A brand new but fragile boat touches the coast of Greece, and thereby Europe, for the first time. This flimsy inflatable boat, built in China and shipped to Turkey in bulk has now finished it's role in life, just a few hours after leaving the cost of Turkey. It's made of cheap plastic material and by the looks of it it's not made to last. It's disposable. Only made for this one voyage and to maximize the profit from trafficing refugees.
Unlike some others this voage was a success. Good weather, calm sees and the light of day all almost made the trecharious crossing seem safe. This was not what I had expected and seen on the news. People of all ages disembark the boat and I am counting around 65 souls. There are infants in the arms of young parents, a young man on crouches, another one is probably in his 70's. Most carry a cell phone either in a waterproof bag hanging from their neck or already in their hand, checking for signal, calling or meeagingfriends or family to let them know about their safe passing. Some take a selfie or take a family photo on the beach. Most are still wearing their lifewests. A father takes a photo of his four smiling children in their lifewests posing by the waters edge. I smile, show them my camera. I get a smile back and thereby a permission to take some photos myself. Capture the smiles. The joy of being safe. Smiles are all around. Handshakes and hugs. I welcome the father of four with a handshake. Then a few others. All the while fighting the thought of the troubles they have coming. The long journey ahead. Closed or near closed borders in the Balkans. The winter and cold coming. Racism and ignorance. The lack of understanding and emphaty. The uncertanty.
It accurs to me that they do not realise the hardship and difficulties to coma. That they don't know what they are getting themselves into. >Later when I have spoken to some of them I realise that probably it is I who doesn't know the hardship they are coming from. That maybe, compared to the suffering some of these people have been through, what is yet to come is the "easier" part. Inspite of all the difficulties to come.
I keep shooting. A man in a lifevest and a thick jacket sends a text message. Another one speaks on one phone while holding another one in the other hand. A woman takes a photo of her husband with a young boy on his shoulders... of course on her mobile. Most have their phones up. Reminds me of my role here as a team leader and photographer for a group of specialists from NetHope, setting up wifi systems and mobile charging units for refugees and aid workers. We are connecting the refugees to their families and friends and vital information about their journey onward. The need for that mission is more clear to me now than ever before. Our mobile phone has become our main connection to the world around us. It's our connection to family and friends. Our endless source of information. Our way to pass time. And some of those people have lost almost everything else.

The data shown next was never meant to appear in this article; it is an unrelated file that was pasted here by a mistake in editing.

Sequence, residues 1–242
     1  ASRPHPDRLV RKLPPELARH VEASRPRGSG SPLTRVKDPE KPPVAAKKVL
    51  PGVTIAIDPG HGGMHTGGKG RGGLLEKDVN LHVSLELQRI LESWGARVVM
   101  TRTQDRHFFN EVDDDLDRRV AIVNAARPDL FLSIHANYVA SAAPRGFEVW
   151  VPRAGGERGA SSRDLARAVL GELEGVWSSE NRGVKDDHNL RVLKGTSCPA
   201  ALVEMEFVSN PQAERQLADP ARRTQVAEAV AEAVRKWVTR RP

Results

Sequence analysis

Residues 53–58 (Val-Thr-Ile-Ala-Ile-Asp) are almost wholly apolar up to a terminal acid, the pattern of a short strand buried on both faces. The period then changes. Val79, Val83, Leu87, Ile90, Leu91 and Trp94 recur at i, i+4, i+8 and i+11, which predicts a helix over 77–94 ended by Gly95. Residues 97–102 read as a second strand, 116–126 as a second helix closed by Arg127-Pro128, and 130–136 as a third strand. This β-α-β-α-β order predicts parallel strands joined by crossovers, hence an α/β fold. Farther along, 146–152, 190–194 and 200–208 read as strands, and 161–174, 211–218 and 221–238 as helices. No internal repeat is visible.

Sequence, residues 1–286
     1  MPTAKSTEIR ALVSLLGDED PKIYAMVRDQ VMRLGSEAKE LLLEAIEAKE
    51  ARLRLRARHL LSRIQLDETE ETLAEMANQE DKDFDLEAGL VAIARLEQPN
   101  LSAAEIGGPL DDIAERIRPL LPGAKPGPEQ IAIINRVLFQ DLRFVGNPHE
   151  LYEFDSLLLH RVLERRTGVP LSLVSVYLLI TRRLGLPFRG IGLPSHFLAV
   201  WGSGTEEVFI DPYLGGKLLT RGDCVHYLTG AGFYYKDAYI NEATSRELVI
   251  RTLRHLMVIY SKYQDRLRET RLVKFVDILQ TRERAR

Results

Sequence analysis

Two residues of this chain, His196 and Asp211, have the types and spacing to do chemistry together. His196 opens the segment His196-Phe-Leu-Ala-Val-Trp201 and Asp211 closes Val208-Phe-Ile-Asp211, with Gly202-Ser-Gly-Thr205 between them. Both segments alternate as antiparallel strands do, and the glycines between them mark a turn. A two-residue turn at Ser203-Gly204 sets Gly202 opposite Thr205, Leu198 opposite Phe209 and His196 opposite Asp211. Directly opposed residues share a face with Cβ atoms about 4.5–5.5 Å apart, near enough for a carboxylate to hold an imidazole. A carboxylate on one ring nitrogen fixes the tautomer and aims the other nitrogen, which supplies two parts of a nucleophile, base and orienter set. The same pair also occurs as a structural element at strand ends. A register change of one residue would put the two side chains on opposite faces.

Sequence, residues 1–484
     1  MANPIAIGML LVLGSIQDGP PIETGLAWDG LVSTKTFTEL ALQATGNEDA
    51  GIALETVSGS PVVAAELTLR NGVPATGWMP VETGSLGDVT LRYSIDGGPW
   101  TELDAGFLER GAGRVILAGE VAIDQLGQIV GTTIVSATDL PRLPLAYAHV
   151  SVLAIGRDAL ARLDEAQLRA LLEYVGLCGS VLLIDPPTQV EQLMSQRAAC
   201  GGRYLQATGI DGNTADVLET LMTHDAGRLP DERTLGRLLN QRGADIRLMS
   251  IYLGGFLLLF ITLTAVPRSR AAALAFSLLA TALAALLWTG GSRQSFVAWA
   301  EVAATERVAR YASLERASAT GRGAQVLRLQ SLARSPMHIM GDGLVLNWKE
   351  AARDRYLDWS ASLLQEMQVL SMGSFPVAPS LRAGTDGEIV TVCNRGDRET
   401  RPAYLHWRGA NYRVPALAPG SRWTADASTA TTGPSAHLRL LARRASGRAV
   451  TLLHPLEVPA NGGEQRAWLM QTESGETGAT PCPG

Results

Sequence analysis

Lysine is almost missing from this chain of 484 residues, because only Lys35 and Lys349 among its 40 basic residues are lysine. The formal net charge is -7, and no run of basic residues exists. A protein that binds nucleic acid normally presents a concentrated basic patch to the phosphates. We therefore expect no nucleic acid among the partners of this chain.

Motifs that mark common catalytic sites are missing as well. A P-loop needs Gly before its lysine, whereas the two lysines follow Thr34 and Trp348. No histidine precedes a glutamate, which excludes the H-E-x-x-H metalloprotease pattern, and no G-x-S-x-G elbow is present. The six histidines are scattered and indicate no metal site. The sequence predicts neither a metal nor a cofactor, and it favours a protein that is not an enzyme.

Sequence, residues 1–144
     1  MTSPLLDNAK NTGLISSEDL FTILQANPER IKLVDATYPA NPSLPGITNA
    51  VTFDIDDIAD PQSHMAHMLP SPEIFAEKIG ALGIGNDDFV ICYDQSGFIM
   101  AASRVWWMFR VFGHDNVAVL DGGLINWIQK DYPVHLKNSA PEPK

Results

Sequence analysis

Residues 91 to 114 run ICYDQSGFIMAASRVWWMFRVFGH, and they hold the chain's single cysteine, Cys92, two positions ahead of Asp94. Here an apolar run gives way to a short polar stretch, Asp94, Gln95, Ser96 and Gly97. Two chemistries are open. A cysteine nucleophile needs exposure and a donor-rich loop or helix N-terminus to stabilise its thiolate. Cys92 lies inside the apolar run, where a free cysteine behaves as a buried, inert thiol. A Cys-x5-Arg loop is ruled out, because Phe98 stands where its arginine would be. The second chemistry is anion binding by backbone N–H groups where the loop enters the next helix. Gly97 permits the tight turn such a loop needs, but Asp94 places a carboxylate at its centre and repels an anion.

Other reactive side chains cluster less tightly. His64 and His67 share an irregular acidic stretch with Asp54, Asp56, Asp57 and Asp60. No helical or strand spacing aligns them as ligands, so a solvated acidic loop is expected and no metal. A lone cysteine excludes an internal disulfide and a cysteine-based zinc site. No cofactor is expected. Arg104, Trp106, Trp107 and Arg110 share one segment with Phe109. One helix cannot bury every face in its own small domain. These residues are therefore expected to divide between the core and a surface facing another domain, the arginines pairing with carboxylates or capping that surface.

I am in Greece for only three weeks to try and do what I can. But at the time of writing this just over a week after I came home got back on track in my daily life as a husband, father of two and photographer, my mind constantly drifts to those people I met along the way on the Greek islands. Where are they now? Are they at some border camp in the Balkans? Are they at their destination? Are they still hopeful and optimistic? Are the children still laughing and smiling?
Five days after I photographed the people on the beach we meet a group of people, three brothers and their families, that jhad arrived the day before. They tell us that theirs was one of three boats that started the journey together from Turkey. Unlike five days earlier the wether was not good. The sea was not calm, Only their boat reached European shore. They other two never made it according to them. It doesn't take a big wave to capsise an inflatable boat with 60-70 people on bord. At the same time I slept in a four star hotel. The media reported that the king of Sweden wanted to ban bathtubs to protect the environment. I found nothing about maybe 120-140 people lost at sea between Turkey and Greece. How many different versions there are of reality....